the main system. If you bring a customer to your custom site they only see the images you

represent, and no others.

Workbookstock.com is the only one of these companies that has a serious track record of

selling on-line. But, as of March they are re-designing their offering and marketing strategy

and it is difficult to say how that will affect total performance. Everyone hopes that it

will result in dramatically increased sales. One clear advantages for workbookstock.com is

that they have several years of experience with the technology. Their basic on-line search

system has been tested while the other players are either building or working through the

initial stages of putting together a system.

The ideal TSP is one that just provides technological services. All other selling and

marketing services are left to the supplier to organize.

Finding A Representative

Many have looked at this idea in the past couple years and rejected it as too difficult and

complicated to set up. But, it may be time to take another look.

Finding someone with experience to represent a small group may not be that hard in today's

environment. Many very experienced sales people have either resigned or been fired from Getty

and Corbis in the last year as these companies attempt to consolidate their acquisitions.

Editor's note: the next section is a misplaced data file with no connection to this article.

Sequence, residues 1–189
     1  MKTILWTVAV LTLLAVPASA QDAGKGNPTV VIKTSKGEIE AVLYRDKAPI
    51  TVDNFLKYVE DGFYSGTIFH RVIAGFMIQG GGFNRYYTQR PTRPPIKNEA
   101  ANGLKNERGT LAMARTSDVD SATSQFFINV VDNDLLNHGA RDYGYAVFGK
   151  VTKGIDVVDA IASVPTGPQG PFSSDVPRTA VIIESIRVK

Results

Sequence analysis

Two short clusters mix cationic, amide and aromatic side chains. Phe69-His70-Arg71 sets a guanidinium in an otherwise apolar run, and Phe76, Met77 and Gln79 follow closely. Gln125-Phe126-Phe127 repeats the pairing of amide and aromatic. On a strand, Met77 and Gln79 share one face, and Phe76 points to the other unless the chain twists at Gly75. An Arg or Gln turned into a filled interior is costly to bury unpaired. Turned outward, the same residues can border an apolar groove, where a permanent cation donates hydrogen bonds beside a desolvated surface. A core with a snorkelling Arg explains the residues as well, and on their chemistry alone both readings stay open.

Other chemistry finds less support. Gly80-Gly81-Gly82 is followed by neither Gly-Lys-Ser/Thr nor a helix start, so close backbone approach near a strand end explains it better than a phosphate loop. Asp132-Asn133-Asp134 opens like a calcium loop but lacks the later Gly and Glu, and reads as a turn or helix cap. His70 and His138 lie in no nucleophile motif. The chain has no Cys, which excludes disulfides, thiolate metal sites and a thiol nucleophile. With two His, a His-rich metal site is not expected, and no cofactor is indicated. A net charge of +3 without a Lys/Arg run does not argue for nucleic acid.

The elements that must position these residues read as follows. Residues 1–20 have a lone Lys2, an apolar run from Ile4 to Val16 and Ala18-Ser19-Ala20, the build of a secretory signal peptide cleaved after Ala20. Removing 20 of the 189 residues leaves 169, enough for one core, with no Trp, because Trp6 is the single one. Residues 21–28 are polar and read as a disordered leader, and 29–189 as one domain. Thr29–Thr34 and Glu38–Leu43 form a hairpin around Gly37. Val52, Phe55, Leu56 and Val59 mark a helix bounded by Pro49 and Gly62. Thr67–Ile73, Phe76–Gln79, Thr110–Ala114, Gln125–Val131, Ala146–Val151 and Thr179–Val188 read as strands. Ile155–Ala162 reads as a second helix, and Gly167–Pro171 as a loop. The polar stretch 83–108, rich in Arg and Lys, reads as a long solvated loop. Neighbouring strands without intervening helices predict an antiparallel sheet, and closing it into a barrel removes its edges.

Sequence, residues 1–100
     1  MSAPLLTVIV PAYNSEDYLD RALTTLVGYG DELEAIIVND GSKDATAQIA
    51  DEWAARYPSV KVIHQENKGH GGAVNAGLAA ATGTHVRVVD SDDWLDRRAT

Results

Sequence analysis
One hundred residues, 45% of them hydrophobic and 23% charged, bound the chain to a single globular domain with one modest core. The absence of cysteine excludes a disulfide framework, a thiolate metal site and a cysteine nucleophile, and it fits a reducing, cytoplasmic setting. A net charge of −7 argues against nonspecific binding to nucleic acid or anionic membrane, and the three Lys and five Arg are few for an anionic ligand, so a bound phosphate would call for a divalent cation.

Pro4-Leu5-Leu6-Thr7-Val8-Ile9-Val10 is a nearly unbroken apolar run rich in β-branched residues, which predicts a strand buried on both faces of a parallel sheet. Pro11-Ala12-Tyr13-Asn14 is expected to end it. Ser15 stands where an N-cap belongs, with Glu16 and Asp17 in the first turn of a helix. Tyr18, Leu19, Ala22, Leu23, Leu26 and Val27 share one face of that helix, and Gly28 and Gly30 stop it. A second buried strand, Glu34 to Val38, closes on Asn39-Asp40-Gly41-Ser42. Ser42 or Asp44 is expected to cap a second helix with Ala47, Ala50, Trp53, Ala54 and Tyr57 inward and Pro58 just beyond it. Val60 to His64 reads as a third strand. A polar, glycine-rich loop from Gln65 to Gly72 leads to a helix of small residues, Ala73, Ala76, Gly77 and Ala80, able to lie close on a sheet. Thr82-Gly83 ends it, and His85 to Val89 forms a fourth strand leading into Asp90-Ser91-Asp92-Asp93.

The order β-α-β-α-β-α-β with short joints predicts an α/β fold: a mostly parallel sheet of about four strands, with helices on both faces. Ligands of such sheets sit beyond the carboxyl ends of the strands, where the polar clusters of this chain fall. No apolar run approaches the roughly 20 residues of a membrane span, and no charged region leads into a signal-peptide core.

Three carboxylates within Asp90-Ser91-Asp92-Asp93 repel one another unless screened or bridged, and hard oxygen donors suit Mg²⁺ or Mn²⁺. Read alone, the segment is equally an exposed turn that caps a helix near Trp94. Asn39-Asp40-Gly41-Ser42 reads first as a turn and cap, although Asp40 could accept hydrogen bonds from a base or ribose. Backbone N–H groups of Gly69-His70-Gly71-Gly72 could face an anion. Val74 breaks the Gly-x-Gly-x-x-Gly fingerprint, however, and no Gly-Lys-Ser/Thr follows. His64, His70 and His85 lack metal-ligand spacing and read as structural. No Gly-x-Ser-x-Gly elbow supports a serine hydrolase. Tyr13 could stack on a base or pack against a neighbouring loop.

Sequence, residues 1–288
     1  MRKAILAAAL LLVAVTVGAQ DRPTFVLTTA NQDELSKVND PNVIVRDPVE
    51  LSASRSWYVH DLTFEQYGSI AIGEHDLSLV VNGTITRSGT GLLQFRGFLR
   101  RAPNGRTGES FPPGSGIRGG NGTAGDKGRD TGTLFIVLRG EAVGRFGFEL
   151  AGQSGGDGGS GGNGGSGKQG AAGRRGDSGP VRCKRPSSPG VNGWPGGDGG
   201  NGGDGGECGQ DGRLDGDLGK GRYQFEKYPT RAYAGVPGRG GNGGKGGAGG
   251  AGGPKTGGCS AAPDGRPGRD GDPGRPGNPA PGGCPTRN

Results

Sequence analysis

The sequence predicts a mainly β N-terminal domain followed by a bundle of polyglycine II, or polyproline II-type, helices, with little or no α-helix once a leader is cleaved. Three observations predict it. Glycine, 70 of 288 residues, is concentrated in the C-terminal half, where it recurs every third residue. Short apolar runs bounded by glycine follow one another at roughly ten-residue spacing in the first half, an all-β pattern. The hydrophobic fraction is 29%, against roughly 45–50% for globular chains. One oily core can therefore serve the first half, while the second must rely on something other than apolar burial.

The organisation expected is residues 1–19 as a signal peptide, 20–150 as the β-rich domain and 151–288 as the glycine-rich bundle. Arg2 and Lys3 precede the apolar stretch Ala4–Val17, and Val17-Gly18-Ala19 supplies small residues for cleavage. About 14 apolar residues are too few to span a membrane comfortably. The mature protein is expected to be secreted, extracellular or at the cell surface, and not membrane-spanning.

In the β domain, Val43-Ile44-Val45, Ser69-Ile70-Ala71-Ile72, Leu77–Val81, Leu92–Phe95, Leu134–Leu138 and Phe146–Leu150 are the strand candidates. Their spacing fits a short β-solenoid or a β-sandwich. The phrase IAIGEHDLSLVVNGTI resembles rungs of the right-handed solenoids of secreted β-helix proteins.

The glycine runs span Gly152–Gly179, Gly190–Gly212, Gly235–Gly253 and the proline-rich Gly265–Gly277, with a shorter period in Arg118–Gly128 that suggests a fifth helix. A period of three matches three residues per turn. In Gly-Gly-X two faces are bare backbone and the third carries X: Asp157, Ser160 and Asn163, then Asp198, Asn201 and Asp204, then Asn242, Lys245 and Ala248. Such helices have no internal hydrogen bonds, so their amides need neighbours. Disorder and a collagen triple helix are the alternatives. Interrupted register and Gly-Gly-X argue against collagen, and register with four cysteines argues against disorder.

Many of these people would be perfect to represent the interests of a small group of

photographers. With the advent of the TSP's the costs of getting into the business of

representing is no longer the capital intensive endeavor that it might have been a year or so

ago.


Copyright © 2000 Jim Pickerell. The above article may not be copied, reproduced, excerpted or distributed in any manner without written permission from the author. All requests should be submitted to Selling Stock at 10319 Westlake Drive, Suite 162, Bethesda, MD 20817, phone 301-251-0720, e-mail: wvz@fpcubgbf.pbz

Jim Pickerell is founder of www.selling-stock.com, an online newsletter that publishes daily. He is also available for personal telephone consultations on pricing and other matters related to stock photography. He occasionally acts as an expert witness on matters related to stock photography. For his current curriculum vitae go to: http://www.jimpickerell.com/Curriculum-Vitae.aspx.